Dinesh D’Souza now claims that “Why Atheists Aren’t Very Bright” in the latest excerpt from his new book, asserting that “atheists have been duped by a fallacy:”
The Fallacy of the Enlightenment is the glib assumption that human beings can continually find out more and more until eventually there is nothing more to discover. The Enlightenment Fallacy holds that human reason and science can, in principle, unmask the whole of reality.
He then asks, based on Kant, “What makes us think that there is no reality lies beyond our perception, reality that simply cannot be apprehended by our five senses?” The entire history of scientific advancement shows that our knowledge is not limited to mere sense-data. Take the simple example of the electromagnetic spectrum: although our eyes see only visible light, we are no longer blind to radio waves, x-rays, and ultraviolet light, to name a few. Similarly, we are capable of apprehending such seeming abstractions as gravity waves and neutrinos. Whether or not this progress will continue until “there is nothing more to discover” remains to be seen, but D’Souza’s allegedly omnipresent god is running out of places to hide.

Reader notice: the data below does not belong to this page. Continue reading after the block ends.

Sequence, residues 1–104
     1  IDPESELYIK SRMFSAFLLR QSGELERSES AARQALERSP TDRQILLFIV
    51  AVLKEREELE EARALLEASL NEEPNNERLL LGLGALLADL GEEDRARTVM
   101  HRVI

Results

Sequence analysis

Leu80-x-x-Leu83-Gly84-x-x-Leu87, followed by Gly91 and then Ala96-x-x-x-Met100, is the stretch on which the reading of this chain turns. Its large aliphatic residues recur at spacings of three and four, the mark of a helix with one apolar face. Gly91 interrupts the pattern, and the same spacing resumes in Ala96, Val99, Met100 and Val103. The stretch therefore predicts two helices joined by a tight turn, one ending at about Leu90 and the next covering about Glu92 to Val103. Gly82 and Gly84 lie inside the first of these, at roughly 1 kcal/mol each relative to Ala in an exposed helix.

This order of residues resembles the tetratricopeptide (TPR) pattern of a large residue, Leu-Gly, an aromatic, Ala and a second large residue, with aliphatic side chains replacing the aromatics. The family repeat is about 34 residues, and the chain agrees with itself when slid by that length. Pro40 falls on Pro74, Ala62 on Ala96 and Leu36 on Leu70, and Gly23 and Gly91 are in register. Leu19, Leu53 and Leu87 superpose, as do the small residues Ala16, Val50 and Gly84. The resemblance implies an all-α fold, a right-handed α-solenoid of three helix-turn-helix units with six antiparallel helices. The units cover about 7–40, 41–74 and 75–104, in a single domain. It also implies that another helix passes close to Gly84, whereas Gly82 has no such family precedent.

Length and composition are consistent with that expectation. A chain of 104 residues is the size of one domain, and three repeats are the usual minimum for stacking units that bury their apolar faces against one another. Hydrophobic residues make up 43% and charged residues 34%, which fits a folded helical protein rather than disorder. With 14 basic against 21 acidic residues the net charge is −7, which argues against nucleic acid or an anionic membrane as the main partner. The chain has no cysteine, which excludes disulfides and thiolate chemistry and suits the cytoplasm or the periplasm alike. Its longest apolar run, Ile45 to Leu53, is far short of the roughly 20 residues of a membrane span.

D’Souza claims that atheists “are asking for experiential evidence in a domain which is entirely beyond the reach of experience,” and this is exactly correct: we are asking that theists provide evidence for their claims. In the absence of evidence, theists’ glib assumptions of the supernatural (gods, angels, devils, miracles, resurrections, an afterlife, etc.) are merely unsupported conjectures indistinguishable from Bertrand Russell’s celestial teapot.
update (10/22 @ 2:01pm):
PZ Myers discusses D’Souza’s dimness here, and gives his “meaningless babble” a well-deserved rhetorical bitch-slap:
The atheist position does not rest on any claim of absolute perfect knowledge. It is based on a very simple principle: that we have to be able to explain how we know what we know, and support it with some kind of independently confirmable evidence. When people make extravagant religious claims, like this invention of D'Souza's that there is an independent reality supporting the one we can see, we ask, "How do you know that?" And what do we get? Silence. Or meaningless babble that skirts the question.